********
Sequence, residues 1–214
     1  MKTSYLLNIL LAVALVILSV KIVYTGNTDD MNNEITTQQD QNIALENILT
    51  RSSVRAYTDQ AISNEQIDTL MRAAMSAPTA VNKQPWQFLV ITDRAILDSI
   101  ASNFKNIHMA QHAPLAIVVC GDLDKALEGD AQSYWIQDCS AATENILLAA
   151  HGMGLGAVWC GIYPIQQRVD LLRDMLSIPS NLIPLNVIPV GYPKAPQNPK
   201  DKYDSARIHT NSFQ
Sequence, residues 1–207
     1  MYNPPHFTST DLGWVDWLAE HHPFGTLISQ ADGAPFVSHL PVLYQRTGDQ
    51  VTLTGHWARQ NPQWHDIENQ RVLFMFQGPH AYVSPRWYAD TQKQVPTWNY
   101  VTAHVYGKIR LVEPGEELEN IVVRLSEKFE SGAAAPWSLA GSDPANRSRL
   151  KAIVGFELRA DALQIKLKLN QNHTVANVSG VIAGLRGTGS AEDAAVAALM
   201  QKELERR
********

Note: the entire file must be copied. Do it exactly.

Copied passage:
Sequence, residues 1–214
     1  MKTSYLLNIL LAVALVILSV KIVYTGNTDD MNNEITTQQD QNIALENILT
    51  RSSVRAYTDQ AISNEQIDTL MRAAMSAPTA VNKQPWQFLV ITDRAILDSI
   101  ASNFKNIHMA QHAPLAIVVC GDLDKALEGD AQSYWIQDCS AATENILLAA
   151  HGMGLGAVWC GIYPIQQRVD LLRDMLSIPS NLIPLNVIPV GYPKAPQNPK
   201  DKYDSARIHT NSFQ
Sequence, residues 1–207
     1  MYNPPHFTST DLGWVDWLAE HHPFGTLISQ ADGAPFVSHL PVLYQRTGDQ
    51  VTLTGHWARQ NPQWHDIENQ RVLFMFQGPH AYVSPRWYAD TQKQVPTWNY
   101  VTAHVYGKIR LVEPGEELEN IVVRLSEKFE SGAAAPWSLA GSDPANRSRL
   151  KAIVGFELRA DALQIKLKLN QNHTVANVSG VIAGLRGTGS AEDAAVAALM
   201  QKELERR